Eric will be blogging about today’s Court of Appeals’ opinions later tonight, but I wanted to make everyone aware of a prior Court of Appeals’ opinion that all litigators should be aware of.

I recently stumbled on a Court of Appeals’ opinion that appears to conflict with a key tolling provision of the Appellate Rules.  Appellate Rule 3 provides that when “any party” timely files a Rule 50(b), 52(b), or Rule 59 motion the deadline for filing a notice of appeal is tolled “as to all parties until entry of an order disposing of the motion and then runs as to each party from the date of entry of the order.”

However, a summer 2013 Court of Appeals’ opinion calls into question what heretofore had been my confident reading of Appellate Rule 3’s tolling provision.  In Estate of Hurst ex rel. Cherry v. Moorehead I, LLC, 748 S.E.2d 568, 572 (N.C. Ct. App. 2013), a jury returned a verdict in plaintiff’s favor and the trial court entered a written judgment on 23 May 2011.

Thereafter, one of the defendants, Blackmon, filed what the Court of Appeals characterized as a “timely” Rule 59 motion.  The remaining defendants did not join in Blackmon’s motion or otherwise file their own post-judgment motions under Civil Procedure Rules 50, 52, or 59.  Instead, they waited to appeal until after the trial court disposed of Blackmon’s Rule 59 motion.

By order entered 11 October 2011, the trial court denied Blackmon’s Rule 59 motion. Thereafter, on 9 November 2011, a notice of appeal was filed on behalf of all the defendants—i.e., within 30 days of the Rule 59 order.

Under my reading of Appellate Rule 3, Blackmon’s Rule 59 motion should have tolled the deadline for filing the notice of appeal “as to all parties.”  However, the Court of Appeals reached the opposite conclusion, stating:

Under Rule 3 of the North Carolina Rules of Appellate Procedure, timely filing of a motion for judgment notwithstanding the verdict pursuant to N.C. Gen. Stat. § 1A-1, Rule 50(b) tolls the period for filing and serving written notice of appeal in civil actions. N.C. R. App. P. 3(c)(3)(2013).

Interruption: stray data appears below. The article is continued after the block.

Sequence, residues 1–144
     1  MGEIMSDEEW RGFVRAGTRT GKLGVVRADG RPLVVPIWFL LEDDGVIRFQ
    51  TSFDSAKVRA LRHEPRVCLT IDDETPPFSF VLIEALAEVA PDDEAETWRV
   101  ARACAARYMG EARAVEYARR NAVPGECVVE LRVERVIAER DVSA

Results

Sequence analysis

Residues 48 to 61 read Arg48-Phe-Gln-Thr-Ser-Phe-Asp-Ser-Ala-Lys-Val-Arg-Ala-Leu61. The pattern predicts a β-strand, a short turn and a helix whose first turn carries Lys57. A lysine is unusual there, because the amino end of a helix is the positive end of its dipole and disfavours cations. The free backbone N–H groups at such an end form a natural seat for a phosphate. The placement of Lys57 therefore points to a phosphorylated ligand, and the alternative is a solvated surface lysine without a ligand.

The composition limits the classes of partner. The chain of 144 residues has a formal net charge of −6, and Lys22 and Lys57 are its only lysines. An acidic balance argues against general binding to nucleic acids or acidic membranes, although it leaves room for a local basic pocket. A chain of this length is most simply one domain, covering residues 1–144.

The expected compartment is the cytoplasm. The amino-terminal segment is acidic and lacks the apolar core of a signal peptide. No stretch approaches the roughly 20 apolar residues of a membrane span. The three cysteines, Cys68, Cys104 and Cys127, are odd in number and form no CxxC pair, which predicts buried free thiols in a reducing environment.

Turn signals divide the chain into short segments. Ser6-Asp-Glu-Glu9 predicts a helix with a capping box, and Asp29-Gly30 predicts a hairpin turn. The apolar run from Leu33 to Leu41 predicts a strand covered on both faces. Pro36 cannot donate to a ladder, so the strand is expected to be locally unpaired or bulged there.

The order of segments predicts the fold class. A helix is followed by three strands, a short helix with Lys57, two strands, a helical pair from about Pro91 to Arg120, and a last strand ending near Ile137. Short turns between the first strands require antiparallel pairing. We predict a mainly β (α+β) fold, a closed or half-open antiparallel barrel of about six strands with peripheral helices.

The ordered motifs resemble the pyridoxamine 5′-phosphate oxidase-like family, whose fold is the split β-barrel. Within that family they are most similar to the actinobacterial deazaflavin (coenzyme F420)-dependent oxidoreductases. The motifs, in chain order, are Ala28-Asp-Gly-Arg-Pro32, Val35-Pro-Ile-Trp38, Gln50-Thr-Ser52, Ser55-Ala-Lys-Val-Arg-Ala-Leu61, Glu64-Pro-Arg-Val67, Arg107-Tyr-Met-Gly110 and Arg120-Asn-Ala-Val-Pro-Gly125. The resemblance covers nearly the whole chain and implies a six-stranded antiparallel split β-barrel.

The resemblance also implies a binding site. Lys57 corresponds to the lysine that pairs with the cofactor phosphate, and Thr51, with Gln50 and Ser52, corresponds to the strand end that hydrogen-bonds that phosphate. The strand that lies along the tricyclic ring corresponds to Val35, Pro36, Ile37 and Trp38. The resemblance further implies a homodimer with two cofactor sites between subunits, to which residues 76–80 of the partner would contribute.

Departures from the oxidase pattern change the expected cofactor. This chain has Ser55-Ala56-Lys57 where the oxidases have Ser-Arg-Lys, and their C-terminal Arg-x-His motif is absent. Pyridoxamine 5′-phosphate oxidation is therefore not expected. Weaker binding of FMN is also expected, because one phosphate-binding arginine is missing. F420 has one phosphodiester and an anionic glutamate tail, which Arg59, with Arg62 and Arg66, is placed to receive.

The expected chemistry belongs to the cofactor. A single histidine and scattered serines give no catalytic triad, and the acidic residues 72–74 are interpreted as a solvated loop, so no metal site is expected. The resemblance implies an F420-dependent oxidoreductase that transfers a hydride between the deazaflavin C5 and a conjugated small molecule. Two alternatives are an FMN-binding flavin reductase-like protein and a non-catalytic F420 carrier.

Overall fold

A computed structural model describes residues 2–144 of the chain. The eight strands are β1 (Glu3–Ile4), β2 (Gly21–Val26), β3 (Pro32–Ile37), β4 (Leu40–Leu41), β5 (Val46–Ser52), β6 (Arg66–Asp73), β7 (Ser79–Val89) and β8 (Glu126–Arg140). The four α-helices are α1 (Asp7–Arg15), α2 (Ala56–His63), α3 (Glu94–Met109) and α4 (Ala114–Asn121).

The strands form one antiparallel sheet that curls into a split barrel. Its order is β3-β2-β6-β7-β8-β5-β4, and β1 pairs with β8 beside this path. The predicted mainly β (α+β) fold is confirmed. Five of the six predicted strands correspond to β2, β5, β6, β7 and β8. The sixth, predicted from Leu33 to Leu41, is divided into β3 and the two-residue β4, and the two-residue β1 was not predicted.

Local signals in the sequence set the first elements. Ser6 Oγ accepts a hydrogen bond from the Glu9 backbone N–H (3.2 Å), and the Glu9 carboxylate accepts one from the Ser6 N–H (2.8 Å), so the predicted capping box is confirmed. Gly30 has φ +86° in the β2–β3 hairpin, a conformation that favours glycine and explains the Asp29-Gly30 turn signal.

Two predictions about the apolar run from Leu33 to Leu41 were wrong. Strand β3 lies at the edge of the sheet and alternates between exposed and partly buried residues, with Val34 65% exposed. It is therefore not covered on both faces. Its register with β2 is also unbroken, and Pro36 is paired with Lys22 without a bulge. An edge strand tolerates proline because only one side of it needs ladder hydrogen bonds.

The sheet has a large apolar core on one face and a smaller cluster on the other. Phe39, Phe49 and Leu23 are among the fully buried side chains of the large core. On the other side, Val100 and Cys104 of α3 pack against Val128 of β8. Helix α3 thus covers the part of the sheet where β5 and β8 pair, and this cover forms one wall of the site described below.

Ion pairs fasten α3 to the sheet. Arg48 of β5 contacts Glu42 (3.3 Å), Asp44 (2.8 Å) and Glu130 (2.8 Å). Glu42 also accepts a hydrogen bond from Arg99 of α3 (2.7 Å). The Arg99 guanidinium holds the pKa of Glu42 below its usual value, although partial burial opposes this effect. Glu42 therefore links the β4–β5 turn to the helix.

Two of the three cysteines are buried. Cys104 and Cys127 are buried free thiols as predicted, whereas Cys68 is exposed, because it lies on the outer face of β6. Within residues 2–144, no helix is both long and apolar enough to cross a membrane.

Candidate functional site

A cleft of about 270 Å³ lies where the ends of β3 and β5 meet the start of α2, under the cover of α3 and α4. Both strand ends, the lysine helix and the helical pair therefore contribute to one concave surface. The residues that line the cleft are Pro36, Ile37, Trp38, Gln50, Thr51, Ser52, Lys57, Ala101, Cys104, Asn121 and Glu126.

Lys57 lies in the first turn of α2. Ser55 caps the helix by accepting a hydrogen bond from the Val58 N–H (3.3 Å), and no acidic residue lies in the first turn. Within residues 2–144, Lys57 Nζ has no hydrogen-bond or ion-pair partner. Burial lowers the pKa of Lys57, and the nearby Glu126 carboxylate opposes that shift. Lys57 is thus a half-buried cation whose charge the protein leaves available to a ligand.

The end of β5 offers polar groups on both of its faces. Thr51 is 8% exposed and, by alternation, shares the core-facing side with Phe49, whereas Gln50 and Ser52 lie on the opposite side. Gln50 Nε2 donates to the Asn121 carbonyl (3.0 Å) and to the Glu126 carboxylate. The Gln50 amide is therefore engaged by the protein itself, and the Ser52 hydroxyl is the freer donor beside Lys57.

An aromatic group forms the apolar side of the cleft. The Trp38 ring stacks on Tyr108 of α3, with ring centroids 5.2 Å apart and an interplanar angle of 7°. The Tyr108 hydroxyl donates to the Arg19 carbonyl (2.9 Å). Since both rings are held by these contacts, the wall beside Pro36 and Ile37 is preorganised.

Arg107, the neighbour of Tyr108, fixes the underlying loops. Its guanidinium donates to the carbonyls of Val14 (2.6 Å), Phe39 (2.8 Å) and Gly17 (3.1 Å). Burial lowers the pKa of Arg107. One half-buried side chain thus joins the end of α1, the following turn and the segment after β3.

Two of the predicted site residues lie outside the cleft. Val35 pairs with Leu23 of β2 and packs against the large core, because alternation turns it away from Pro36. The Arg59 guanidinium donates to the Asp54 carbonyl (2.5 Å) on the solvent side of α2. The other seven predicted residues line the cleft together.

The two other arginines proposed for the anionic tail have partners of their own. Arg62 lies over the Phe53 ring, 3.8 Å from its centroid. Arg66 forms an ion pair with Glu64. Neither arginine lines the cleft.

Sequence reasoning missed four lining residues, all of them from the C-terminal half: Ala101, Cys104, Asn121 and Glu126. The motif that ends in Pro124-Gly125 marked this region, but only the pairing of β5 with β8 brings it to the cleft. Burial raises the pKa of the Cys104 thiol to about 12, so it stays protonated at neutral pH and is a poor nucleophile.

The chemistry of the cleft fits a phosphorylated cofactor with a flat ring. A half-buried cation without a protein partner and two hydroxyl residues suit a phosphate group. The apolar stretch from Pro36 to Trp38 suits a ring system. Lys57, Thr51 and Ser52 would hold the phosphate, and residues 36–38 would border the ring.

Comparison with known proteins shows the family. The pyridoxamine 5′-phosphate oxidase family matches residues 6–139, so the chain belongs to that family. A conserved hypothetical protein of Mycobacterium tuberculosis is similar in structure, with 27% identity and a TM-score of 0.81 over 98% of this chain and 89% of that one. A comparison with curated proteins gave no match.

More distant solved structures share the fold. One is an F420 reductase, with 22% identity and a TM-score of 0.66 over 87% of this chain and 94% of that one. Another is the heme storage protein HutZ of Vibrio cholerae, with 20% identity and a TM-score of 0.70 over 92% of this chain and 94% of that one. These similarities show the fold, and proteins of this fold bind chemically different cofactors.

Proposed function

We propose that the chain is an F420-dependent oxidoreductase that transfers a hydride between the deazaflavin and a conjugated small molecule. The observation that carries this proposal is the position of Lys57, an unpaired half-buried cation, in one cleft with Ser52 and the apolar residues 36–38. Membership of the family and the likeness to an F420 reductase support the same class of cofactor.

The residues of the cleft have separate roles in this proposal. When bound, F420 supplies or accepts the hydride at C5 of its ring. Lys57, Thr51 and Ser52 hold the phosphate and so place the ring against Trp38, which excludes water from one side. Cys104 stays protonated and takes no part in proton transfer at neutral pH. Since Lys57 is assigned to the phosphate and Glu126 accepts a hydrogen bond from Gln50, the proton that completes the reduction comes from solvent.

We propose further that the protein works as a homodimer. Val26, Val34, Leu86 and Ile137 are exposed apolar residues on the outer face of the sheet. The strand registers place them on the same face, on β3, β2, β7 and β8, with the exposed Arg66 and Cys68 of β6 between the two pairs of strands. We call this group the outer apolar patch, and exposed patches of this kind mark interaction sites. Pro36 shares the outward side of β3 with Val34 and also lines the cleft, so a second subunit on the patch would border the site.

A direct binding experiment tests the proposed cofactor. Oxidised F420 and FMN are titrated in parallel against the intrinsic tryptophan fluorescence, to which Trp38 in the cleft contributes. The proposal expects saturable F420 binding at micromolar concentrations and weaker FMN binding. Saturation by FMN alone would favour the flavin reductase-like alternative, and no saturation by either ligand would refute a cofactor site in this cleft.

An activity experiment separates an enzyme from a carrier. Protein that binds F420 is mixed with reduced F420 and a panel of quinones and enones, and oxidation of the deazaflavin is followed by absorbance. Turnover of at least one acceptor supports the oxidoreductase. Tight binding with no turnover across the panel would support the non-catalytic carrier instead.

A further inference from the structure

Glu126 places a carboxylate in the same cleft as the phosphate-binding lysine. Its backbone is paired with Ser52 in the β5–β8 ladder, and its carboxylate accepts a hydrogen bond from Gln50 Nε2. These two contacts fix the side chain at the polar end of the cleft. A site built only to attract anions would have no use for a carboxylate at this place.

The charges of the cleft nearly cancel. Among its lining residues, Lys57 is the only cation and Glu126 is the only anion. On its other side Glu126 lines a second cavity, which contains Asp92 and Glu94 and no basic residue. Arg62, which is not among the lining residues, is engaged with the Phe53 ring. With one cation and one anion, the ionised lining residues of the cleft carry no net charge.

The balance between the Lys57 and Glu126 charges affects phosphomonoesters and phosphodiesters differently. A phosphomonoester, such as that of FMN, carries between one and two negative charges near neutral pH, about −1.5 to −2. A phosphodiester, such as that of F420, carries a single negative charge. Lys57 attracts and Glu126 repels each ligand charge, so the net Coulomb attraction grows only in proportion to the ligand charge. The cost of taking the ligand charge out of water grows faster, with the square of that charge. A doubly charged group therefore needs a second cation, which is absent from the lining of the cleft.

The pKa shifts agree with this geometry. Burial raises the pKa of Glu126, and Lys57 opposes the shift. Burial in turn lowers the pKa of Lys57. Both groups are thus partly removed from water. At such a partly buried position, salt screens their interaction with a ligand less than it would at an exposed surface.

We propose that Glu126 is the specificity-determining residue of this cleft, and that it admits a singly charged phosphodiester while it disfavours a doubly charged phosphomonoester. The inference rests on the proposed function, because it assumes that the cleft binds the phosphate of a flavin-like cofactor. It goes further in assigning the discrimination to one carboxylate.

Here, Blackmon filed a timely motion for judgment notwithstanding the verdict pursuant to Rule 50.  However, this motion was filed by Blackmon alone, and not by the remaining defendants.  Therefore, although the notice of appeal given on 9 November 2011 was on behalf of all defendants, the time for filing notice of appeal in this case was tolled during the pendency of the motion as to Blackmon only. The remaining defendants failed to file notice of appeal within 30 days from entry of the trial court’s judgment.  Because timely notice of appeal is jurisdictional, we dismiss the present appeal as to [the remaining defendants].

Hurst, 748 S.E.2d at 572 n.2 (internal citations omitted).

After looking at the docket sheets and motions filed in this case, it appears that the Court of Appeals dismissed these defendants’ appeal sua sponte.  Nothing is wrong with this because an appellate court has an independent obligation to assure that an appeal was timely filed. However, this may provide a hint as to why the relevant tolling language of Appellate Rule 3 was not discussed in the opinion.  It is possible that the Hurst court inadvertently overlooked the language that indicates that the tolling provision applies to all parties regardless of who filed the motion.

However, Hurst is a published opinion, which raises concerns regarding what happens next time this issue comes before the Court of Appeals.  Will future panels be obliged to follow Hurst’s reasoning, or is the language of Appellate Rule 3 sufficiently clear to trump Hurst under the theory that the Appellate Rules, which are promulgated by the North Carolina Supreme Court, cannot be overridden by a Court of Appeals’ opinion?  Is there a way for subsequent panels to limit Hurst to the particular facts of that case?

Moreover, several practical questions arise if Hurst’s interpretation of Appellate Rule 3’s tolling provision prevails.

First, Appellate Rule 3 provides that if “timely notice of appeal is filed and served by a party, any other party may file and serve a notice of appeal within 10 days after the first notice of appeal was served on such party.”  Thus, even if Appellate Rule 3’s tolling provision did not apply, why didn’t Blackmon’s filing of a notice of appeal trigger this supplemental 10-day notice of appeal period for the remaining defendants?

Second, Appellate Rule 11(d) provides that when there are multiple appellants, there shall only be one record on appeal.  Hurst determined that all the defendants—except for Blackmon—should have filed their notices of appeal in June 2011.  Blackmon’s notice of appeal, however, was not due to be filed until November.  Under Appellate Rule 11, the proposed record would have been due in July for all the defendants except for Blackmon.  How does this work with Rule 11’s requirement that there is only to be one record? Would Blackmon have to pursue a completely separate appeal from the remaining defendants and, if so, would the June appeal have been interlocutory because it was not final as to Blackmon?

Third, if the other Defendants had filed their notices of appeal in June 2011, would the trial court have been divested of jurisdiction to issue a ruling on Blackmon’s Rule 59 motion?

I am interested to know your thoughts on this issue in the comments below.  Are you concerned about this opinion?  Any suggestions on ways to mitigate the uncertainty created by the Hurst opinion?  Is anyone aware of a Supreme Court opinion that could effectively override footnote 2?

–Beth Scherer